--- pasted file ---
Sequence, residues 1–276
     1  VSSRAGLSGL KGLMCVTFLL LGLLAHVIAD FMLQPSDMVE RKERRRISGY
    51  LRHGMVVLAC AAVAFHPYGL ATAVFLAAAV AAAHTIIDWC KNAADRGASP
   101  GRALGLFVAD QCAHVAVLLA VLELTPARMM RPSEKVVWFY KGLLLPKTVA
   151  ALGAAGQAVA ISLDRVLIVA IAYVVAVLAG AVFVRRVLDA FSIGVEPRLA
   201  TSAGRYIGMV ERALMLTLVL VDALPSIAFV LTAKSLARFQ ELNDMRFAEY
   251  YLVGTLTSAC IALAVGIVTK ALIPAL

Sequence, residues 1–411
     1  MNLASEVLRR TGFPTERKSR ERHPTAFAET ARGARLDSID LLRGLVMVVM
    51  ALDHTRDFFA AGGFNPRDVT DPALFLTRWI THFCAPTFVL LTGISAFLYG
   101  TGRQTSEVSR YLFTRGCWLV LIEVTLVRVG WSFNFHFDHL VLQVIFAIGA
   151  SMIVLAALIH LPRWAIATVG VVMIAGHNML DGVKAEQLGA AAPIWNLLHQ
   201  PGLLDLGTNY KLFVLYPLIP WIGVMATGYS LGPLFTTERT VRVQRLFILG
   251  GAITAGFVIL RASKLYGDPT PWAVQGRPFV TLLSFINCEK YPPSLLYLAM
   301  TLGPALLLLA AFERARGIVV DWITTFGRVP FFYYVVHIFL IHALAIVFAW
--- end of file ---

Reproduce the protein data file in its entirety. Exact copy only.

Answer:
Sequence, residues 1–276
     1  VSSRAGLSGL KGLMCVTFLL LGLLAHVIAD FMLQPSDMVE RKERRRISGY
    51  LRHGMVVLAC AAVAFHPYGL ATAVFLAAAV AAAHTIIDWC KNAADRGASP
   101  GRALGLFVAD QCAHVAVLLA VLELTPARMM RPSEKVVWFY KGLLLPKTVA
   151  ALGAAGQAVA ISLDRVLIVA IAYVVAVLAG AVFVRRVLDA FSIGVEPRLA
   201  TSAGRYIGMV ERALMLTLVL VDALPSIAFV LTAKSLARFQ ELNDMRFAEY
   251  YLVGTLTSAC IALAVGIVTK ALIPAL

Sequence, residues 1–411
     1  MNLASEVLRR TGFPTERKSR ERHPTAFAET ARGARLDSID LLRGLVMVVM
    51  ALDHTRDFFA AGGFNPRDVT DPALFLTRWI THFCAPTFVL LTGISAFLYG
   101  TGRQTSEVSR YLFTRGCWLV LIEVTLVRVG WSFNFHFDHL VLQVIFAIGA
   151  SMIVLAALIH LPRWAIATVG VVMIAGHNML DGVKAEQLGA AAPIWNLLHQ
   201  PGLLDLGTNY KLFVLYPLIP WIGVMATGYS LGPLFTTERT VRVQRLFILG
   251  GAITAGFVIL RASKLYGDPT PWAVQGRPFV TLLSFINCEK YPPSLLYLAM
   301  TLGPALLLLA AFERARGIVV DWITTFGRVP FFYYVVHIFL IHALAIVFAW